What are the levels of options trading?

There are three levels of options trading: basic, advanced, and expert.

Basic

At this level, you’re trading options with low leveraged value. This level typically involves call and put option trading; they are simple and are not very complicated to deal with.

Advanced

At this level, you’re able to trade options with more complexity. You’ll have more choice about what kind of option you want to trade and how much leverage you want.

Expert

At this level, you can trade with the highest amount of complexity and leverage available on the market today. You’ll also be able to choose from a variety of different types of options based on what type of investor you are.

How to start trading options?

Options trading is a great way to get started in the stock market, but it can be intimidating for beginners. If you want to trade in options, you should first find a broker who can help you start. 

5 Best options trading strategies for beginners

To trade options, you’ll need a brokerage account. Many online brokerages offer options trading; some are better than others, but all will let you open an account with less than $500. For instance, Robinhood or TradeStation is suitable for that.

When do options trade during the day?

You can perform share market option trading during regular stock exchange hours, usually 9:30 a.m. to 4 p.m. EST.

Where do options trade?

There are many exchanges worldwide where you can apply your option trading strategies, but the Chicago Board Options Exchange (CBOE) is the most popular. The CBOE was founded in 1973 and trades options on more than 2,700 stocks.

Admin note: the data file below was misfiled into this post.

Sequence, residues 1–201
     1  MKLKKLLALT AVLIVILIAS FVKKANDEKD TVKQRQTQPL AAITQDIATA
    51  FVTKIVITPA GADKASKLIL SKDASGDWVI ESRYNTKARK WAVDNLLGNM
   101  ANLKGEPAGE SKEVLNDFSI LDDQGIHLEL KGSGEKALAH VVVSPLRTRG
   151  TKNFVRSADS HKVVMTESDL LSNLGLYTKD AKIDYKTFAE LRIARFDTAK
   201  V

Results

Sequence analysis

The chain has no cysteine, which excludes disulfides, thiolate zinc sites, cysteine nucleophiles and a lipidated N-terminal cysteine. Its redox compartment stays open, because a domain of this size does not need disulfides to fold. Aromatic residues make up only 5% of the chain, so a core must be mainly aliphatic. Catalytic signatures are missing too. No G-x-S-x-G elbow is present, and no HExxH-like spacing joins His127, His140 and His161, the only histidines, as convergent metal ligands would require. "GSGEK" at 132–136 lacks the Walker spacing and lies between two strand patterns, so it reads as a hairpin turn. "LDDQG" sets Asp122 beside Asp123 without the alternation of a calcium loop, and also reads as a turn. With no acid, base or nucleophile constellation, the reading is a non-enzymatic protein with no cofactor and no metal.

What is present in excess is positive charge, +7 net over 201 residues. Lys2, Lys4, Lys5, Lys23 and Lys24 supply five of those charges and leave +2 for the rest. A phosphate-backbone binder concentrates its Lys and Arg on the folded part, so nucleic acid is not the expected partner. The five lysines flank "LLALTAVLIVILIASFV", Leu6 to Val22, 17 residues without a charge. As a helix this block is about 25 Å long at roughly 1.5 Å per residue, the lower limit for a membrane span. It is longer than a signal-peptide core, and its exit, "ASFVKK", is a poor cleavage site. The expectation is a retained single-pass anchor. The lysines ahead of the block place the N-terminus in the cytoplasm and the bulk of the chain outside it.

The other major options exchange is the NASDAQ Stock Market. This exchange was founded in 1971 and trades options on more than 4,000 different stocks.

There are also dozens of smaller options exchanges worldwide where you can learn options trading and start generating profit.

Can you trade options for free?

Options trading requires fees or commissions. Typically there is a transaction fee (e.g., $3) plus a contract fee (e.g., $0.40 per contract). So if you buy 10 options at this pricing structure, your cost is $3 + (10 x $0.40) = $7.

Conclusion

You must understand how the system works and choose the best options trading strategy to use. Options trading does not have to be complicated, but you can lose investment if you are not careful.

5 Best options trading strategies for beginners

As a beginner, it is best to stay away from risky options trading strategies and stick with simple ones like buying puts and calls on stocks that have been performing well recently. The key is to learn the options trading basics first. Once you get more experience, you can start thinking about implementing more advanced stock options trading tricks into your trades.